“Neither of us knew anything about agriculture, but we learned quickly,” says Dave with a laugh. “We got an organic certification, and we got the plants in the ground. We breathed a sigh of relief, but the second part of the challenge is the harvest.”
On their 116 acre farm called MONTKUSH, they set up an impromptu headquarters with several old, used white box trailers. As Sully and Dave realized how successful their enterprise had become, they also realized they wanted accommodations on the farm that better suited their personalities and lifestyle the pair decided to buy a used 33 foot Excella Airstream to use as corporate HQ. “We wanted something with some style, panache that spoke to where we were going with our operation. Airstream was the perfect choice.”
The Airstream sat at the top of the farm for the whole of 2019. Locals helped with the harvest, and there’s a state-of-the art commercial grade press to extract the CBD without use of chemicals on the premises.
“There are a lot of good CBD brands out there,” says Sully, “but our method of extraction using the press is unique and preserves the integrity of the plant. We want the closest thing to Mother Nature and we try to get a fingerprint of the plant in our end product. My goal was to present Devon with the purest, best possible CBD that I could make.”
The standard process for extracting CBD uses ethanol and chemical solvents to isolate the CBD into a crystal. Sully says this process strips away beneficial naturally occurring compounds found within the plant. MONTKUSH calls their exclusive process “fresh squeezed,” utilizing low heat and high pressure to force the full-spectrum of CBD rosin out of the plants.
“It’s really labor intensive, but it’s worth it to get this pure product,” says Sully. “We sent the rosin to labs and to the scientists making our topicals and they say they’ve never seen anything like it. We came at it from a different angle and in doing so have discovered what we believe is the purest end product out there.”
Sully and Dave also brought in a film crew to produce the first hemp industry unscripted television show. They’ll document everything, from the planting to the harvesting to what they call “The Rosin Run”: A cross-country trip hauling 300 kilograms of rosin from Vermont to Phoenix AZ, with Airstreams in tow – one a 2010 International and the other a 2018 Globetrotter.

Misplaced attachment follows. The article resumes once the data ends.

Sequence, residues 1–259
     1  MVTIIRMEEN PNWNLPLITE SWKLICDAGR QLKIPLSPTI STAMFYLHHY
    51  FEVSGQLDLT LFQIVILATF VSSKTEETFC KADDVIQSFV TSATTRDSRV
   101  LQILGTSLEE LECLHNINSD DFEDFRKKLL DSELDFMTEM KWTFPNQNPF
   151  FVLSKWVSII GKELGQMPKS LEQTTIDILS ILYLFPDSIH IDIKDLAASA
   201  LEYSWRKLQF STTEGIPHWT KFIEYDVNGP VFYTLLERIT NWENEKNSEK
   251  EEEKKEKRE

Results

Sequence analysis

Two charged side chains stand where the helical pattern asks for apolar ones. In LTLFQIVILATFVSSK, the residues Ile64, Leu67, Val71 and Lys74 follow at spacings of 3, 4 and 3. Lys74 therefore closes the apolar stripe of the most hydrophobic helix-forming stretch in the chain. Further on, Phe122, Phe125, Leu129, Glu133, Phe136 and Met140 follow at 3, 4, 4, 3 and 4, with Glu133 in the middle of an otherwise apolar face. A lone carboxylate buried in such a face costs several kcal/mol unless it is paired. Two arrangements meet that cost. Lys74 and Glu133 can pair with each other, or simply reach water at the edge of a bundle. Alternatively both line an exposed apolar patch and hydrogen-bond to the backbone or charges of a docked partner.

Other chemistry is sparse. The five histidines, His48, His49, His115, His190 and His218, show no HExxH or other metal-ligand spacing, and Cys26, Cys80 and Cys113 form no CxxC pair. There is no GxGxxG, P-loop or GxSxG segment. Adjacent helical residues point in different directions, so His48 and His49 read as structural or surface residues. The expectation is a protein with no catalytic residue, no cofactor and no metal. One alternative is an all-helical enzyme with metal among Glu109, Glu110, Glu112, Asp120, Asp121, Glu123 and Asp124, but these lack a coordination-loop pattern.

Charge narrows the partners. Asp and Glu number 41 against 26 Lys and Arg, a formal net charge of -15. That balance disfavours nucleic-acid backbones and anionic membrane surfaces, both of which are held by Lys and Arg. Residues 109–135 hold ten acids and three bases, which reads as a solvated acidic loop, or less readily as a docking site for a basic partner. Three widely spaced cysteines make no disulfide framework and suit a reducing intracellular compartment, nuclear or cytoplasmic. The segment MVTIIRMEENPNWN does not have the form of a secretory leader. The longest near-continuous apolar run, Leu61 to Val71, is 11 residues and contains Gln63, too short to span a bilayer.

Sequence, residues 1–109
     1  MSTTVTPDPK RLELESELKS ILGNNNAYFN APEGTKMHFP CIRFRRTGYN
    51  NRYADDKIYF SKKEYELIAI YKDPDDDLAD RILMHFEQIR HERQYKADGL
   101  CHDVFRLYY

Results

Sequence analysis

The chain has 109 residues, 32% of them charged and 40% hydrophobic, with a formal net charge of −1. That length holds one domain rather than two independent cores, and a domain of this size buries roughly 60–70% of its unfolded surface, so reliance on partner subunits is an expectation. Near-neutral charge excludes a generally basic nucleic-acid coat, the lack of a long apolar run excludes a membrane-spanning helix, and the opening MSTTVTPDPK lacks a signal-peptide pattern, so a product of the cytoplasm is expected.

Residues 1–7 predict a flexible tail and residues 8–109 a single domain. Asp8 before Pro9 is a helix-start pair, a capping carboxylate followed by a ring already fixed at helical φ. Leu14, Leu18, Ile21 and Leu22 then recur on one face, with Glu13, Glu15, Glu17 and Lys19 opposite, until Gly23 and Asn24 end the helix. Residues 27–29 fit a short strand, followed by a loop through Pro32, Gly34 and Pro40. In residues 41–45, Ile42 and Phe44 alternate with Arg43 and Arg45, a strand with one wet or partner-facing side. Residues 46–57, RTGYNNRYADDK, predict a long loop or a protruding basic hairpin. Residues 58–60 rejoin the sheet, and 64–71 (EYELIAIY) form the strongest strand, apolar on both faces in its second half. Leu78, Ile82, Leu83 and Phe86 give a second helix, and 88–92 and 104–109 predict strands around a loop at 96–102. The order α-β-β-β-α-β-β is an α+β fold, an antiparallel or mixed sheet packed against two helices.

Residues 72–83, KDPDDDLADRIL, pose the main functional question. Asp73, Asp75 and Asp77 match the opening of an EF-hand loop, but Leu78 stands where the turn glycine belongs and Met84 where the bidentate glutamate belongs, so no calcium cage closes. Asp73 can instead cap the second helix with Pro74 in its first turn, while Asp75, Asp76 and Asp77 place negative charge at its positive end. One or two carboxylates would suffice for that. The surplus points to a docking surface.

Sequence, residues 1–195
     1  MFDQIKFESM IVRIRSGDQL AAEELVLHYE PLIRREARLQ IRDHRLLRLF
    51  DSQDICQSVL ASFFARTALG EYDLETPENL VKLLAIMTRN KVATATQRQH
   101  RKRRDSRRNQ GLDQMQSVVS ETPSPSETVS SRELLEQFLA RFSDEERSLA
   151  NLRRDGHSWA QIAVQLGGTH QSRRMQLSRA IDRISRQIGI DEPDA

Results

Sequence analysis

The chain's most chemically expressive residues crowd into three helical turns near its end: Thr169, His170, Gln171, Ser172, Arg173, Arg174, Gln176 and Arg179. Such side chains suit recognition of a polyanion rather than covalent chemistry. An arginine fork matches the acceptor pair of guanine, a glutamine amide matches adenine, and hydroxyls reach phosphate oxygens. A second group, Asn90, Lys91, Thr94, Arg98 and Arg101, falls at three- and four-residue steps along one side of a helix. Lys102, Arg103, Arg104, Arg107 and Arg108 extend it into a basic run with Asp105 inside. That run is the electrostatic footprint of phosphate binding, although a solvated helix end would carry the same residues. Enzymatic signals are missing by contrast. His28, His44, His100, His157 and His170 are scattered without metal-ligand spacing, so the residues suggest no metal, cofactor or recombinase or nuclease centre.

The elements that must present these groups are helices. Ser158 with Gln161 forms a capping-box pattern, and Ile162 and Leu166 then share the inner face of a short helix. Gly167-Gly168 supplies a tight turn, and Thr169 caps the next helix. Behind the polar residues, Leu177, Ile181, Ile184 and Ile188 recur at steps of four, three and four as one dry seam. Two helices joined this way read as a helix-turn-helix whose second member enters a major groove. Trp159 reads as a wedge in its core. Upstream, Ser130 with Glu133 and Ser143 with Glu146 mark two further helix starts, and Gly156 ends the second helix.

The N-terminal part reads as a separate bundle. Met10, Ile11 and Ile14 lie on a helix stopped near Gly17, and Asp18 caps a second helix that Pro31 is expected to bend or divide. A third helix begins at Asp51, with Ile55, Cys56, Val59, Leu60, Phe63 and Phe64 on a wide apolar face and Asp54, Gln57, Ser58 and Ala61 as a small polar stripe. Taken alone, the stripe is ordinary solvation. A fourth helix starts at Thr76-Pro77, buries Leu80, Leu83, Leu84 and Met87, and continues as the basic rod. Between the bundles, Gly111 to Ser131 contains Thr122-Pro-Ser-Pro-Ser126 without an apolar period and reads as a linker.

“The Rosin Run should have only taken us 4 days but we had so much fun that we spent a month on the road,” says Sully. “It was such an incredible experience. Having the Airstreams was a game changer. We could boondock, stay in friends’ driveways and managed to find a few great RV parks along the way from Malibu to Yellowstone. It’s a beautiful and simplistic way to travel. Everything and then some is in the back. There is no way we would have been able to climb the Kelso sand dune one day and have a blast out on the Bonneville Salt Flats the next without the freedom the silver bullets gave us.”
“The Airstreams are the solution,” says Sully. “This is the first time in a long time that I’m not staying in hotels, and I don’t know that I’ll ever go back. We are literally Living the Stream!”
“It’s an amazing refuge and sanctuary; to have everything with us at all times, and then to set up on the farm in a beautiful setting,” says Dave of his Airstream experience. “It’s so nice to sit and watch the sunset from the top of our mountain. We watch the plants grow from a dirt patch to a green carpet.”
They welcome other Airstreamers to join them at MONTKUSH farms in the fall. Harvest is a beautiful time of year and there’s room for a few Airstreams to park and stay, and maybe even in the harvest. They encourage Airstreamers who are interested to reach out directly through social media at @montkush or through the website.
“We’re happy to be part of the Airstream family!” says Sully.